Tuesday, July 05, 2011

Green Lantern Pet Peeve: The Accepted Common Knowledge that Humans Suck.

I snagged the Abin Sur movie prequel on Comixology for the lovely Patrick Gleason art, plus I'm one of those suckers who can't resist and Abin Sur solo story.

I think I have a thing for doomed men.

Anyway, I'm glad I bought it. The art is lovely and we get a surprise Amanda Waller story to boot.

Unfortunately, there is a convention in this book that annoys the shit out of me and it's been popping up all over the place in Green Lantern in the past few years.

There's this idea that humans are looked down upon by every sentient being in the universe, because we're violent, primitive, warlike, and just generally awful. It's a way for the writer to make a point about what's wrong with our society and how far we have to go. It's also an easy way to for the writer to set up a strawman in the sneers of aliens so that they can defend human society.

It's also really fucking arrogant.

We're to accept a universe with countless star systems that produce sentient and often humanoid life. We're to accept that the majority of these star systems have developed interstellar travel and trade with each other. We're to accept that interstellar communities have sprung up across the vast cosmos. I can handle all this, I think it's awesome.

We're also to accept that Abin Sur is responsible for 1/3600th of this universe. Inside his sector is every type of life imaginable, from bacteria to primitive peoples who haven't developed writing yet to full civilizations that have been developing for millenia and that cross the stars regularly enough to build communities inside that sector. I can handle this too, I think it's awesome.

But I'm sorry, I have to stop at the idea that a large number of these advanced beings give enough of a shit to comment on how much Earth sucks.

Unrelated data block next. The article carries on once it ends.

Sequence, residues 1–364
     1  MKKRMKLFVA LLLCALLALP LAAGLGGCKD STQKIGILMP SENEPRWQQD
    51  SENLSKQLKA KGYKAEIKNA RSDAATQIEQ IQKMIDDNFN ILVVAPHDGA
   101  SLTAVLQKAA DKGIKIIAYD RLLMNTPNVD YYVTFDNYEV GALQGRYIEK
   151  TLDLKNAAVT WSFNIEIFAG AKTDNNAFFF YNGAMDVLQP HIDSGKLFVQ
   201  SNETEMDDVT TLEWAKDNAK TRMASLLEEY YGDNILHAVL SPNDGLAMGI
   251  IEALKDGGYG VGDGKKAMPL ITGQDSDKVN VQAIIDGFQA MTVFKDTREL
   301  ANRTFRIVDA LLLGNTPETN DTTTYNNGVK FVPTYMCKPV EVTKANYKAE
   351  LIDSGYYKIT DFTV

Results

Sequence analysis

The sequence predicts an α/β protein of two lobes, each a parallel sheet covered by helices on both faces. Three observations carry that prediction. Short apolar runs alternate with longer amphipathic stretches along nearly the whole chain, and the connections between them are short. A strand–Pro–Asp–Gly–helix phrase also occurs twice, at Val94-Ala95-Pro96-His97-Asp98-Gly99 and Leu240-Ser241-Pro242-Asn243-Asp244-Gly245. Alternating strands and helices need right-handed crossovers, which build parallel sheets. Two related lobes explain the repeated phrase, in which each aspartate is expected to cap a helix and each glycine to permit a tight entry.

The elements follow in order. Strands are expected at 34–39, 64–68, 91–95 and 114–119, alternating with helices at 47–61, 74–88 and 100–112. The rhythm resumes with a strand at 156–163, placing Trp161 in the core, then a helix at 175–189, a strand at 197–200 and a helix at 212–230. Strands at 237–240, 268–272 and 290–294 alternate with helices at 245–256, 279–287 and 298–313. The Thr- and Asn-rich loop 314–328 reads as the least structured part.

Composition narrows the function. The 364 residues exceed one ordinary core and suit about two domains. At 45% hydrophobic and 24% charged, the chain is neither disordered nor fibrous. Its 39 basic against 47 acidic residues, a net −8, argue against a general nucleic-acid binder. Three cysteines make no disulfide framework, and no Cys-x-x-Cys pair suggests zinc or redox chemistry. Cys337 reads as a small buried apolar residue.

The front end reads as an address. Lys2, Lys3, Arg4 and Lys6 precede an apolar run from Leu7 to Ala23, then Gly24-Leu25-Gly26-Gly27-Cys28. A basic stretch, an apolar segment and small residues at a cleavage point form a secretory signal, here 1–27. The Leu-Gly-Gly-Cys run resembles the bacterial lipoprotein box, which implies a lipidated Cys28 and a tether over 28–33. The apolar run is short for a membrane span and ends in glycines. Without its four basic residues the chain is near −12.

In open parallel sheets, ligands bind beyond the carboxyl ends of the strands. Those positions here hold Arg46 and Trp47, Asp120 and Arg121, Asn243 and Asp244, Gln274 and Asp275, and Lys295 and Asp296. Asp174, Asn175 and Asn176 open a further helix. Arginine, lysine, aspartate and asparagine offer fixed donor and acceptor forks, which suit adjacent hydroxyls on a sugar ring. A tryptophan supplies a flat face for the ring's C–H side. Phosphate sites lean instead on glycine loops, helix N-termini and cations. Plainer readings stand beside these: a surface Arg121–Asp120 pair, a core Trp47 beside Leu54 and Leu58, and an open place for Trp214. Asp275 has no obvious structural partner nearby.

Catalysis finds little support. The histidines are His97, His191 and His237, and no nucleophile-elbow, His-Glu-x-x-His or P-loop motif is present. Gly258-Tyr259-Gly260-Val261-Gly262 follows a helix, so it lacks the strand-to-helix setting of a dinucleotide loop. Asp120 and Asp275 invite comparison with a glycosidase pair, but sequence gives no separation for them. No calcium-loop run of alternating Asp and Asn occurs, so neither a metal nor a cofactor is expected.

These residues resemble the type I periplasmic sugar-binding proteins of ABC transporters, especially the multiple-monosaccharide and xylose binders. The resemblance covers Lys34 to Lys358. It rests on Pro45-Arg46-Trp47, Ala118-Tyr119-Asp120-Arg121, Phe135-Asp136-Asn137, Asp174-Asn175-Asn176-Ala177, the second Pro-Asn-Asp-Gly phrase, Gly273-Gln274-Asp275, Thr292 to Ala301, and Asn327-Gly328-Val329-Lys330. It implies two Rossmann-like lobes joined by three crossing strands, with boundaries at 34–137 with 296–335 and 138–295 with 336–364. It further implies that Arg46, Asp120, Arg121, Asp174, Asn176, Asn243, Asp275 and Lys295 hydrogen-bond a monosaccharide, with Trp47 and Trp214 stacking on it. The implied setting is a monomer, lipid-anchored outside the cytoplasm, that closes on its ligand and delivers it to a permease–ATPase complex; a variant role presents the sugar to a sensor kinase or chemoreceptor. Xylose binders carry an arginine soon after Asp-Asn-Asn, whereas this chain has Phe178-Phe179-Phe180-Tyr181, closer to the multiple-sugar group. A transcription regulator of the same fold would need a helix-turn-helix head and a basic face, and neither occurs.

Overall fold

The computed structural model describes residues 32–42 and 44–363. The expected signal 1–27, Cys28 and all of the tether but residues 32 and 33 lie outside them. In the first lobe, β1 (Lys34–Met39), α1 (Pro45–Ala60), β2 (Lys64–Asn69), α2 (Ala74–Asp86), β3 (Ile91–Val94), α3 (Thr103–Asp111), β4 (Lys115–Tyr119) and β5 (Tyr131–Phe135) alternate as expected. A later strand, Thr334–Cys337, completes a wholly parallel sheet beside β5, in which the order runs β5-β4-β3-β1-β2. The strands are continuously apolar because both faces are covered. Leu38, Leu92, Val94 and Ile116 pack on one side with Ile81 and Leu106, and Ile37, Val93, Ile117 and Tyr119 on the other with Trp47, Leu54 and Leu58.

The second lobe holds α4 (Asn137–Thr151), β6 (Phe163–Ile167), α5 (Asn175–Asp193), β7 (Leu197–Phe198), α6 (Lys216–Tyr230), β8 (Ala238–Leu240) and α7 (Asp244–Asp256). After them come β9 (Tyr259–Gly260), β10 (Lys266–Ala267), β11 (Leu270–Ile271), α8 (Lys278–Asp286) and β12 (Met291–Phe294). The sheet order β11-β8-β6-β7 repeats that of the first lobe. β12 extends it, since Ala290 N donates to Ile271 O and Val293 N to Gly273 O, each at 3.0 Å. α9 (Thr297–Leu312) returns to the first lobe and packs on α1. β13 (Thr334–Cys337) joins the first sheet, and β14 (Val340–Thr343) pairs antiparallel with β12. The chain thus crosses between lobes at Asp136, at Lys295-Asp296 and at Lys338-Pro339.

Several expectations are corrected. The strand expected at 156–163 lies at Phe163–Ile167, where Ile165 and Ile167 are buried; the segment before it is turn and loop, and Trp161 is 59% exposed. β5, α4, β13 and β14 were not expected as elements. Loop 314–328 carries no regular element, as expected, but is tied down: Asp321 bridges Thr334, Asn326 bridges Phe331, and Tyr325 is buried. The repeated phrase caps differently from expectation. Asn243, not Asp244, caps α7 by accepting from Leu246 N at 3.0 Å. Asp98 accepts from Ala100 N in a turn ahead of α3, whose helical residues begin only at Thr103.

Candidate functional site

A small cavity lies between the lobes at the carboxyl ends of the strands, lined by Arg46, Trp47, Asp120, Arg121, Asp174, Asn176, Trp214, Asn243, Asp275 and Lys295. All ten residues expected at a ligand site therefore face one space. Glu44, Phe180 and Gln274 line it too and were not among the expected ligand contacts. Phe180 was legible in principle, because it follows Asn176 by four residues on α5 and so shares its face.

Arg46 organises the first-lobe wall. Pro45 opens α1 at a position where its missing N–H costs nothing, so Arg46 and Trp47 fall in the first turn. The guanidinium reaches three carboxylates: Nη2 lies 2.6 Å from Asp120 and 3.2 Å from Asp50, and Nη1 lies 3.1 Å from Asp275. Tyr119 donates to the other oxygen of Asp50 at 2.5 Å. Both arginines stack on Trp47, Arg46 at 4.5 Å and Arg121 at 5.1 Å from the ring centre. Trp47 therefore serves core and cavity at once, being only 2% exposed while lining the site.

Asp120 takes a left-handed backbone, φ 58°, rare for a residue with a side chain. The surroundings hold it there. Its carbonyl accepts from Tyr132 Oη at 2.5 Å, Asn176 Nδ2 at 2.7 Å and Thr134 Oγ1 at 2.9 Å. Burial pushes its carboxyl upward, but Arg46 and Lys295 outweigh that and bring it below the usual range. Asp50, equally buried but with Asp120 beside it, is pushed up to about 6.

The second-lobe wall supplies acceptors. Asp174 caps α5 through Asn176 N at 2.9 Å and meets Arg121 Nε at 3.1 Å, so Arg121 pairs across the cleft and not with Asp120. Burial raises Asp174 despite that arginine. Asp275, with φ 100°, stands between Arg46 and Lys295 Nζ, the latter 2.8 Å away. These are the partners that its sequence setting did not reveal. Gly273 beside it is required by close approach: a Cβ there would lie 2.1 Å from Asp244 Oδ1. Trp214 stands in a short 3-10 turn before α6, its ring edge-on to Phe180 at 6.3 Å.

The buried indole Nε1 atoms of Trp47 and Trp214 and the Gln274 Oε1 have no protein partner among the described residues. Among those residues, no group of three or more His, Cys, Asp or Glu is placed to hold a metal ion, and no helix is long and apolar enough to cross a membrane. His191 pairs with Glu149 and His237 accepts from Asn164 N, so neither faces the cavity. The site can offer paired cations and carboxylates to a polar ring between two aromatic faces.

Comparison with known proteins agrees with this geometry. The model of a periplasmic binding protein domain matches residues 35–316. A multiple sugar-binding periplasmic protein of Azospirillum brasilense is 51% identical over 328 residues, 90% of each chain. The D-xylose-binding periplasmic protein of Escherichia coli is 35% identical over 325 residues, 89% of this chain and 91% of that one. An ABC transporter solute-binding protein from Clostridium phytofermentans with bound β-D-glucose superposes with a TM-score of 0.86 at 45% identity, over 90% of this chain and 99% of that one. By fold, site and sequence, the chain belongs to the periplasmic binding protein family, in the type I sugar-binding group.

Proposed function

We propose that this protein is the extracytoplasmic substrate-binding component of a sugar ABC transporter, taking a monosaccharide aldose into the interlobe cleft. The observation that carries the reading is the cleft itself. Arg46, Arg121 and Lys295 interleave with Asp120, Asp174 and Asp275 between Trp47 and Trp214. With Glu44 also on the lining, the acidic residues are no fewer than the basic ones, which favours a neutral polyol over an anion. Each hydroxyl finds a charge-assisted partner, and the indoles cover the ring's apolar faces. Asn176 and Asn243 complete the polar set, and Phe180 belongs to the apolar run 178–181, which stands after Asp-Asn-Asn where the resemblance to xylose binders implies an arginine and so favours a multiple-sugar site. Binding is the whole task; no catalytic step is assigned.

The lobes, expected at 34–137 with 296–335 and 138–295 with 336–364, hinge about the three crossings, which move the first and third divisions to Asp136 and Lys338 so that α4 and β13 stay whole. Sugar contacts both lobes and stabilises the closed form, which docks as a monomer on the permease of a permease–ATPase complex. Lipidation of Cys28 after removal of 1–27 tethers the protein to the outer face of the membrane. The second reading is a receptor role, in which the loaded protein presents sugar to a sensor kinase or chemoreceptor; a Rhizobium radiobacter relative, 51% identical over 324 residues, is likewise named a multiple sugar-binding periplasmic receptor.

I have to stop at the idea that a large number of these advanced beings know anything about humans beyond us having not developed enough space travel to come out and say "Hi" yet.

I mean, it's one thing for the Guardians to keep tabs on Earth and be a little funny about it. There's lots of stuff on Earth.

And yeah, I can give the writer (Michael Green) some credit to the idea that maybe Earth is considered enough of a hotspot that Abin Sur was briefed on it when he took over. It is in his sector, and it is home to a species that gets super-powers when they are exposed to well... anything! Yeah, that might be important for old Abin to know. (Hell, between the Last Kryptonians, the Last Martians and the general weirdness of humanity, it's entirely possible that the Solar System is considered a Wildlife Preserve by Oa.)

I don't think this is the case, though. There's something off about what he said in this comic. And his attitude in the Flashpoint series. And just generally every notable appearance since someone retconned his last words to be "An Earthman... never thought I'd live to see the day."

And there's just this trend all across the franchise to having aliens bash humans, especially hypocritically, because they are traveling the spaceways without having achieved World Peace or a Warp Drive or what-have-you. And because humans aren't as scary to tease about this sort of behavior than Khunds are or any of the myriad hyper-violent species in the DCU that HAVE achieved unity of purpose on their homeworlds and interstellar travel so that they can make war on their neighbors.

I kinda forgave it in the movie because it was explained away as just a general look at how young the species is. There's some sort of taxonomy involved, I imagined, and humans fell into a group that was only so advanced and Hal wasn't just the first human but the very first person from that taxonomic classification.

And I get parts where they make monkey jokes, because it implies that these species are as advanced to us as we are to chimps, so we just look animalistic to them.

My brain rebels, though, when it's specifically about humans and specifically about Earth.

It just doesn't make any sense.

I mean, it's one thing to have Brainiac and Brainiac II copping an attitude because they have dealt with humans, but generally it seems like everybody in the Green Lantern Corps except Tomar Re and every idiot in a Mos Eisley Cantina rip-off scene has to make a comment about it. And none of them would have met a human before.

Only Abin Sur was in a position to have met a human besides Adam Strange or Captain Comet (both of whom are pretty damned awesome, so a negative opinion should not be formed based upon them), and he's played off as having had some pre-existing prejudice that goes away when he sees the Wall in action.

And yeah, I do remember the Legends of the DC Universe story where Abin Sur goes to the Old West and all the cowboys think he's a Native American. That's clearly not happened here, because if he'd had that adventure he wouldn't need the Wall to make him rethink how much humans suck.